Jesus’ Wife???

4:10 pm Jesus Christ

The headlines read, “Ancient papyrus fragment refers to Jesus’ ‘wife.'”  Karen King, a Christian scholar at the Harvard Divinity School, presented a papyrus fragment from the fourth century that contains a phrase in which Jesus refers to “My wife.”  The fragment consists of eight lines of black ink, written in Coptic, which include the phrase, “Jesus said to them, ‘My wife…'”  Several observations need to be made concerning this “find.”
First, the authenticity of the fragment has not been proved.  Roger Bagnell, director of the Institute for the Study of Ancient World in New York said that it is likely authentic.  The provenance of the fragment is a mystery.  Its owner has asked to remain anonymous.  Only a small circle of experts have concluded it is not likely a forgery.  The final verdict has not been given.  AnneMarie Luijendijk, who co-authored the paper with King said the fragment’s poor condition suggests it was found in a garbage heap.
Second, the fragment does not prove that Jesus was married.  We already know of this controversy through Gnostic writings in the second century.  This was a topic of discussion a few years ago when The Da Vinci Code was published. The Da Vinci Code was written by Dan Brown.  It is a fictional novel.  In it, Brown claims that the Gnostic Gospels (such as the Gospel of Philip and the Gospel of Mary) are the earliest Gospels and that they have been suppressed by church councils (Da Vinci Code, p. 231).  The Gnostic Gospels are a group of books discovered in 1945 at Nag Hammadi, Egypt.  Fifty-two texts were recovered, dating from approximately AD 350 (first published in English in 1981).  Neither the Gospel of Philip nor the Gospel of Mary existed during the time the New Testament Gospels were written.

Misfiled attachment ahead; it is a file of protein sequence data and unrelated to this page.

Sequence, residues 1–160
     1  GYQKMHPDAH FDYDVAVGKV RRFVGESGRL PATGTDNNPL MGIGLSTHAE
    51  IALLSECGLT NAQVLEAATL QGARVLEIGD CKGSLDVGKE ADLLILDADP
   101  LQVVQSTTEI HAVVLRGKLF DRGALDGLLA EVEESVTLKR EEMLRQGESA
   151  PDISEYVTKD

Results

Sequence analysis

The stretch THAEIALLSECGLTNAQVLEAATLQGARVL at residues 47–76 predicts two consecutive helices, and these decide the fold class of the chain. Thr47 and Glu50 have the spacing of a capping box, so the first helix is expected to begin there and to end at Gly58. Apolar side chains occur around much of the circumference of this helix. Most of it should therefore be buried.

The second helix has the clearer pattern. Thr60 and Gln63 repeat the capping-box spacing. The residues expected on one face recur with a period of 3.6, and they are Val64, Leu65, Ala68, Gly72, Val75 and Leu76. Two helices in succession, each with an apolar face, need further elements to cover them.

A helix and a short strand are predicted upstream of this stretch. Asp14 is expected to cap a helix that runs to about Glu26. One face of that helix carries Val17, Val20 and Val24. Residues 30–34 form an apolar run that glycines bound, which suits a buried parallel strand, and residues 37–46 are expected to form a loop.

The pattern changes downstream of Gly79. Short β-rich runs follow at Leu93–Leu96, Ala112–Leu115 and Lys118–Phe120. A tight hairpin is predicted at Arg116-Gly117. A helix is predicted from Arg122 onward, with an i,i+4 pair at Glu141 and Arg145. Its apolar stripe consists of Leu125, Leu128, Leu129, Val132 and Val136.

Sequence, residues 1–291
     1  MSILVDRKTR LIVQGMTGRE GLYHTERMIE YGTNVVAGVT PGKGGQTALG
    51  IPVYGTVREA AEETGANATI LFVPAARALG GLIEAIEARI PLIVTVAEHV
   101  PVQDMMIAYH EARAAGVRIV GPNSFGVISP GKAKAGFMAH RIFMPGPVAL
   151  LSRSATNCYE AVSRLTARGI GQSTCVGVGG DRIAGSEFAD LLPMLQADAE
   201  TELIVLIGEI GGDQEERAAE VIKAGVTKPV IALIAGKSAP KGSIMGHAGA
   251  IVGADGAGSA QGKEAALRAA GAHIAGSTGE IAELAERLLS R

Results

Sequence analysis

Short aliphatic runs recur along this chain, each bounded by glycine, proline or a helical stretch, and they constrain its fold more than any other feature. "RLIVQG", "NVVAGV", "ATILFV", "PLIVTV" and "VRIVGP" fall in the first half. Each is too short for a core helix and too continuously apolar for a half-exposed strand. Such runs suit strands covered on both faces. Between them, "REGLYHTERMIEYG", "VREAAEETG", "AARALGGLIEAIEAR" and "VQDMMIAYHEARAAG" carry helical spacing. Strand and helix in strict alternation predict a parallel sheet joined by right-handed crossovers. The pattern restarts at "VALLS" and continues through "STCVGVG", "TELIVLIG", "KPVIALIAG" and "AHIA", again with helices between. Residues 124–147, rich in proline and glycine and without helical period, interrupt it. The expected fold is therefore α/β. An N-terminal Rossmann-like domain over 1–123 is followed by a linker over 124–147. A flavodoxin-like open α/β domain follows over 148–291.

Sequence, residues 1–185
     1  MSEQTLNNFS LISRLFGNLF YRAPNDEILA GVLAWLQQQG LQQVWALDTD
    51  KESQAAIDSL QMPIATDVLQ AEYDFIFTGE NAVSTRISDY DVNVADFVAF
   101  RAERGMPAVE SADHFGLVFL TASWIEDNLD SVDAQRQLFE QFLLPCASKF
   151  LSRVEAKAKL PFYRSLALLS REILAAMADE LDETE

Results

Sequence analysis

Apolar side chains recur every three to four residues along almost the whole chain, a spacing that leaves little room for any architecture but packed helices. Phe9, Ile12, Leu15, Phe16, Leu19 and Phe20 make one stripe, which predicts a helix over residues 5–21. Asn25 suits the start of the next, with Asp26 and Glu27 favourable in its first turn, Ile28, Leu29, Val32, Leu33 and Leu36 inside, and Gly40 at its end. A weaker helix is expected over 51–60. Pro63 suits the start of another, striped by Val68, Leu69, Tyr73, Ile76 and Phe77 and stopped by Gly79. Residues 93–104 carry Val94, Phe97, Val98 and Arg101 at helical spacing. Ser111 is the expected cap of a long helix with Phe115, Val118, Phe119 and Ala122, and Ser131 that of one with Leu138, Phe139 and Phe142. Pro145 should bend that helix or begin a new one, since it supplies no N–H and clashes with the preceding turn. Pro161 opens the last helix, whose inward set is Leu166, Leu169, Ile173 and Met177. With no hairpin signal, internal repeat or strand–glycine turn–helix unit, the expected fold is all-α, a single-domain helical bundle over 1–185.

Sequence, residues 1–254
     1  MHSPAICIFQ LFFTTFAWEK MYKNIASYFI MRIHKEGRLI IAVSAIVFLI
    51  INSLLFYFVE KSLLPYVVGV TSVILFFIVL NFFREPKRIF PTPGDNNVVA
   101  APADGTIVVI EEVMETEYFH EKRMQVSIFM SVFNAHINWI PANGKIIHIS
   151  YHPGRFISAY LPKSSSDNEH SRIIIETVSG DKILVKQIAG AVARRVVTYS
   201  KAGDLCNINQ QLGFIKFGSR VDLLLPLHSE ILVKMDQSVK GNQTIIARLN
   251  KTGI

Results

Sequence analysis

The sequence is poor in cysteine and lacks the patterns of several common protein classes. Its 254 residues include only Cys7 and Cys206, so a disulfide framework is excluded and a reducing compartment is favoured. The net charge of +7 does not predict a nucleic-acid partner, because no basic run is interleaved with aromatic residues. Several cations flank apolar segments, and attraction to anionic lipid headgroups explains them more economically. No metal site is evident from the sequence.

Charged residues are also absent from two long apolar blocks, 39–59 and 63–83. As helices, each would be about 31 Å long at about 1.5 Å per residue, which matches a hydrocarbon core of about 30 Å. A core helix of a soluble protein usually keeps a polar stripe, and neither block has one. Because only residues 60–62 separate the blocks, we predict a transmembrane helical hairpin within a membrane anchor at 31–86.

Gnosticism refers to a body of related teachings, both ancient and modern, stressing the acquisition of gnosis (Greek for knowledge), or secret, inner, esoteric knowledge.  The knowledge sought is not strictly intellectual, but mystical.  This gnosis is the knowledge of ultimate reality particulary one’s divine essence and origin (New Dictionary of Christian Apologetics, p. 288).  Gnostics deny that Jesus Christ died on the cross to atone for sin.  They teach that Jesus was resurrected, but not physically.  Gnosticism is a form of mysticism.
Brown appealed to the Gospel of Philip as a source of information about Jesus being married.  The Gospel of Philip states, “And the companion of the (…) Mary Magdalene (…loved) her more than (all) the disciples (and used to) kiss her (often) on her (…)”  The relevant portion of this book has many gaps.  The bracketed portions reflect gaps in the manuscripts.  The use of this text in an attempt to prove that Jesus was married is completely false.
The New Testament books: Matthew, Mark, Luke and John do not mention that Jesus was married or that He fathered any children.  The historical account of Jesus’ life is truth–historical truth!  The false view of Gnosticism cannot overthrow the truth.

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